Fifty years ago, President Kennedy made a decision that, with hindsight, ranks as the biggest mistake of domestic policy since World War II. In many ways, it led directly to today’s “sequester” debacle.What Kennedy did was this: In early 1963, he proposed a $13.6 billion tax cut (today: about $320 billion) even though the economy was not in recession and the tax cut would enlarge the budget deficit. Kennedy adopted the theory that government could, by manipulating its budgets, increase economic growth, reach “full employment” (then a 4 percent unemployment rate) and reduce — or eliminate — recessions.It was a disaster.High inflation was the first shock. An initial boom (by 1969, unemployment was 3.5 percent) spawned a wage-price spiral. With government seeming to guarantee 4 percent unemployment, workers and businesses had little reason to restrain wages and prices. In 1960, inflation was 1 percent; by 1980, it was 13 percent. The economy became less stable. From 1969 to 1982, there were four recessions, as the Federal Reserve alternated between trying to push unemployment down and prevent inflation from going up. Only in the early 1980s did the Fed, under Paul Volcker and with Ronald Reagan’s support, crush inflationary psychology.We are now suffering from — and have for decades — the second defect of JFK’s decision: the loss of budgetary discipline.http://www.washingtonpost.com/opinions/robert-samuelson-how-...Righties love to praise President Kennedy and his tax cut (which he claimed was intended to increase demand not supply). It is interesting to hear that perhaps it did not work well on the balance at all.Note that in listing the ill-effects from 1964 to 1980, Samuelson never mentions the Vietnam War.Peter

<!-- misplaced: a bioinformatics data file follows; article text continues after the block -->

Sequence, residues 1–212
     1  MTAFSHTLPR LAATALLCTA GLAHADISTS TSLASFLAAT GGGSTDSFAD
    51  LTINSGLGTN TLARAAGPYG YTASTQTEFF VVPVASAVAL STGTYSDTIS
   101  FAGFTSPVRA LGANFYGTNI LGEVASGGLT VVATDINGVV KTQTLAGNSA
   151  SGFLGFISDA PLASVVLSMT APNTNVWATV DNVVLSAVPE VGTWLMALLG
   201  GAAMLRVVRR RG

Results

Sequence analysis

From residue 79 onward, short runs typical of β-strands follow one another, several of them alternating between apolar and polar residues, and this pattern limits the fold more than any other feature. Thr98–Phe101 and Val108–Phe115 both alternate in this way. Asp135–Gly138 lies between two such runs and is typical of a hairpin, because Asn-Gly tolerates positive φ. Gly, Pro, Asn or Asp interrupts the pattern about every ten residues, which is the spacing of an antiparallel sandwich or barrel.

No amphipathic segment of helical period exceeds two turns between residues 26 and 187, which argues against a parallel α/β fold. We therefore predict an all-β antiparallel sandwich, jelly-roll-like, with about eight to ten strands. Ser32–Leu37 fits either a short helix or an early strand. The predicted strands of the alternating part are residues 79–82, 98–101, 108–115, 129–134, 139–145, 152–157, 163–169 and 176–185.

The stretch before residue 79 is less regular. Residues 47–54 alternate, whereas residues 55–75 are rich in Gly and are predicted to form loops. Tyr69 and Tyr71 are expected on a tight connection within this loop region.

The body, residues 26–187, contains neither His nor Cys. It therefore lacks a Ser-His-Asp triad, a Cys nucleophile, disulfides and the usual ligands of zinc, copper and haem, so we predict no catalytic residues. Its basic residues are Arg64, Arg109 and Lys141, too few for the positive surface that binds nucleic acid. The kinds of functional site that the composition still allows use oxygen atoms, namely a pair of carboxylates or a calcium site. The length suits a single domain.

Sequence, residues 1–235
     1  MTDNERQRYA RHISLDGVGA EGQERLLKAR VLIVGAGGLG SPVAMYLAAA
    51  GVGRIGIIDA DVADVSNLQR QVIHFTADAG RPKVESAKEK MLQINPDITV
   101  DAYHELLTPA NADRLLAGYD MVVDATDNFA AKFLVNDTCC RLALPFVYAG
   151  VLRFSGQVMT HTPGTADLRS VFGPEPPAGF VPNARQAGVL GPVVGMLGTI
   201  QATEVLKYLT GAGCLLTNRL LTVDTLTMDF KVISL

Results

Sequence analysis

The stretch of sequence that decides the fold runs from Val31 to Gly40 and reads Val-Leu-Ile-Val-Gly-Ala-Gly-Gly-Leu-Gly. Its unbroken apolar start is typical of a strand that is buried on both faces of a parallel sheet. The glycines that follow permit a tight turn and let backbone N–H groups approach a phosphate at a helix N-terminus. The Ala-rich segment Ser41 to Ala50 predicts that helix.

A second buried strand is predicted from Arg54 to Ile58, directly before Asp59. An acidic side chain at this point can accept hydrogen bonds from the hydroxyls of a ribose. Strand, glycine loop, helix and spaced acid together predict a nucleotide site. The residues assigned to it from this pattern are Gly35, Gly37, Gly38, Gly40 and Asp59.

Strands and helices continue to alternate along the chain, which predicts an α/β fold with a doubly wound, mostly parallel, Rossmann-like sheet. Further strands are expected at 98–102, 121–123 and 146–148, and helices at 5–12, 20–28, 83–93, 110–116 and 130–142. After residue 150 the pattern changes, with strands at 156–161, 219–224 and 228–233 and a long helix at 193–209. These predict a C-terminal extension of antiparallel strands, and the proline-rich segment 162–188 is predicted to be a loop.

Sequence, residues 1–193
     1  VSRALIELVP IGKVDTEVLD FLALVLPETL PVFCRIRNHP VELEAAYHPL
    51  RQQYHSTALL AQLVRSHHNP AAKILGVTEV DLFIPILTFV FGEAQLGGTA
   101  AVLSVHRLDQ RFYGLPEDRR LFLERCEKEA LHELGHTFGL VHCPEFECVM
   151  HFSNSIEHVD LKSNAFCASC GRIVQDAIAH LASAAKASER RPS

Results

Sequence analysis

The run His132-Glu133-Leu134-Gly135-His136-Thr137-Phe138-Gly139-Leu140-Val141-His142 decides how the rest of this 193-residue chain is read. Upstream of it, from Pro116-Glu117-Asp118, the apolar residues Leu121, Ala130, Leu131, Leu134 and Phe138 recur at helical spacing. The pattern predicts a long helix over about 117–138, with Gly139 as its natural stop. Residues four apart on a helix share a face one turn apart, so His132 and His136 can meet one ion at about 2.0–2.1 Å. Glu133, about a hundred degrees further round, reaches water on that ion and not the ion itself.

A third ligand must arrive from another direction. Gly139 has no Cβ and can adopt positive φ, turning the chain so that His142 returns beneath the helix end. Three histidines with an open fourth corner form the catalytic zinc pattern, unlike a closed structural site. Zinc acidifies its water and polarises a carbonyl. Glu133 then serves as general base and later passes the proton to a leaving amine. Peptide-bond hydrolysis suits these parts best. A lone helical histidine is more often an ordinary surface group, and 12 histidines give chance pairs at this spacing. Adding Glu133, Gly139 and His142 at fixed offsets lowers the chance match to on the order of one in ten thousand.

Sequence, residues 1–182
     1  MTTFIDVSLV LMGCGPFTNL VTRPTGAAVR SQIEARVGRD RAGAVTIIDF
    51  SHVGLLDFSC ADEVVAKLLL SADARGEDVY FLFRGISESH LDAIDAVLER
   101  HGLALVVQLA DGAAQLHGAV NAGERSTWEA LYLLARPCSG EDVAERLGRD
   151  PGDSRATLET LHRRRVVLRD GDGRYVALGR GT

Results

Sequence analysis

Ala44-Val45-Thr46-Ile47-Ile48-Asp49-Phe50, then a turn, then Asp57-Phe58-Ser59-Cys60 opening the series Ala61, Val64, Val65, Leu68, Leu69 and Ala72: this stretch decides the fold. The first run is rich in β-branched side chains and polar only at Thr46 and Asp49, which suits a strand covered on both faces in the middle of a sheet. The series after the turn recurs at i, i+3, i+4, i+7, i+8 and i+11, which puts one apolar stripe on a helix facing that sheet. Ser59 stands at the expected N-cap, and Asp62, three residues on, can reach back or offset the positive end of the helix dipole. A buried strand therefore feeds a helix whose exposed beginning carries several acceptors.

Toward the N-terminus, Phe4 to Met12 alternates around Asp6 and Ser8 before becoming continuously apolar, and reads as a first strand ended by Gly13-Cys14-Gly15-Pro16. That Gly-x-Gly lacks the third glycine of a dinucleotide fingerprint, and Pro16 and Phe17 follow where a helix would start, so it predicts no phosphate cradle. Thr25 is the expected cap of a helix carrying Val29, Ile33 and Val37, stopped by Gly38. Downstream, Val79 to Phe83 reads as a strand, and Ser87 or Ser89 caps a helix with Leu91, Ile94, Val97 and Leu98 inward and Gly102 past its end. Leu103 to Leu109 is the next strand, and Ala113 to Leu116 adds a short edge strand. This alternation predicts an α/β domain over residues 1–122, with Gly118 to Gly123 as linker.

Best Of |
Favorites & Replies |
Start a New Board |
My Fool |
BATS data provided in real-time. NYSE, NASDAQ and NYSEMKT data delayed 15 minutes.
Real-Time prices provided by BATS. Market data provided by Interactive Data.
Company fundamental data provided by Morningstar. Earnings Estimates, Analyst Ra